In December of 2008, in the wake of Nicaragua’s fraud-ridden local elections, I wrote a piece calling for the international community to prevent the country from morphing into the Western Hemisphere’s Zimbabwe, and Daniel Ortega from becoming Robert Mugabe. The election, held without reputable international observers and under the complacent gaze of a government-controlled electoral authority, was the first tangible sign that the end of the country’s brief democratic interlude was no longer a risk – it was a reality.
Nothing much happened. A few European developing agencies discreetly left the country, while the U.S. government added a bit of huffing and puffing, eager to keep Ortega on the right side of counter-narcotics efforts. Most of all, in a pattern that would repeat itself incessantly until this day, there was silence coming from Nicaragua’s Central American neighbors, with the intermittent exception of Costa Rica.
What followed was an ineluctable descent into authoritarian rule defined by the government’s co-optation of all institutions, the shrinking ability of opposition parties and civil society to operate, the constant harassment of independent media, and the complicit silence of powerful actors in society, notably the business elite. All this happened in broad daylight, and yet was strangely unseen. Occupied with Venezuela’s never-ending calamity, no one in Latin America and beyond seemed to have the bandwidth to pay attention to another democratic breakdown in the region.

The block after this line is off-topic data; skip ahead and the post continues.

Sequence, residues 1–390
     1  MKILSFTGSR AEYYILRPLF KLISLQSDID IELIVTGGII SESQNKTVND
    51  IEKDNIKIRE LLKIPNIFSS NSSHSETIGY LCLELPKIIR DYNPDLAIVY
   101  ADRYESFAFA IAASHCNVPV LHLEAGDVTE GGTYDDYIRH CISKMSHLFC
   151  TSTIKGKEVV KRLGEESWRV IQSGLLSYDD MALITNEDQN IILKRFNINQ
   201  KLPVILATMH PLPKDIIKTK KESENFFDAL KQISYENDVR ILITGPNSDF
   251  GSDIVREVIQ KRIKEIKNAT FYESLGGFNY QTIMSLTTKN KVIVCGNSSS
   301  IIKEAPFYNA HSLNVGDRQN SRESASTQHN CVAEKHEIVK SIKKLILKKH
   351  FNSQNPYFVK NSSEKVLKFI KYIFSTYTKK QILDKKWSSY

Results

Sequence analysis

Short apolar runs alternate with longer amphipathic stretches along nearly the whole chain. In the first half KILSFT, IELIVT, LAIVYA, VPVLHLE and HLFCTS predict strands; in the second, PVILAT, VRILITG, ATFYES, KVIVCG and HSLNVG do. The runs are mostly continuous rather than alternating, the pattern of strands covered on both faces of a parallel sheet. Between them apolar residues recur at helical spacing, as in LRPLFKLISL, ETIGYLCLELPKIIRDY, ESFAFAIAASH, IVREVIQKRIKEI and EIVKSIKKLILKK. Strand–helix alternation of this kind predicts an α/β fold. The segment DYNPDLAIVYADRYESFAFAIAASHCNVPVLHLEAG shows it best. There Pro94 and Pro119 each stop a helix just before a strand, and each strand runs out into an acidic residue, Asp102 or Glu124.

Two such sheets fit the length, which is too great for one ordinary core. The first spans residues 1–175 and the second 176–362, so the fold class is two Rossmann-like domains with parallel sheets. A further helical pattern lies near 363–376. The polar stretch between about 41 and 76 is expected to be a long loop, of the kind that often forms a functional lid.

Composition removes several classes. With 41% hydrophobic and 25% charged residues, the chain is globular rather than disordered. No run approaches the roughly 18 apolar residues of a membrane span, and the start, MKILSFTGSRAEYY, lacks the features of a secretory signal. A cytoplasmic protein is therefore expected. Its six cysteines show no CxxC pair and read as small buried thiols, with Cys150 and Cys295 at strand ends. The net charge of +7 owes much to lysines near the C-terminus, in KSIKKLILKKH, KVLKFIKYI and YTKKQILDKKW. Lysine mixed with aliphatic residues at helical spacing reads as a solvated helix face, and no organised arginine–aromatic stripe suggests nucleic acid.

Not even Ortega’s violent crackdown of anti-government protests in 2018, which led to hundreds of deaths, was enough to shake the region and the world into action. Confronted with evidence of egregious human rights abuses, which made a mockery of the lofty principles proclaimed by the Inter-American Democratic Charter (IADC), the Organization of American States’ (OAS) Permanent Council adopted a resolution condemning the violence in Nicaragua and calling for elections. Ortega provided vague assurances of future electoral reforms, and the matter was left at that.